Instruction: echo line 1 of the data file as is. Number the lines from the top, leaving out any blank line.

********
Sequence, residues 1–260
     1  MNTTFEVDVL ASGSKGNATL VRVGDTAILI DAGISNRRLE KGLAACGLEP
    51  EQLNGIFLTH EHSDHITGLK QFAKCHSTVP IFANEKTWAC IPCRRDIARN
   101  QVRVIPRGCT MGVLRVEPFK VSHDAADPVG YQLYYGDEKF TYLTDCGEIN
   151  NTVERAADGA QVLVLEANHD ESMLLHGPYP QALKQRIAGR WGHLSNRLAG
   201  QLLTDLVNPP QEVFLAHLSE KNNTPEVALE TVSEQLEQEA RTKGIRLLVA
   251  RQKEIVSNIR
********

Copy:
Sequence, residues 1–260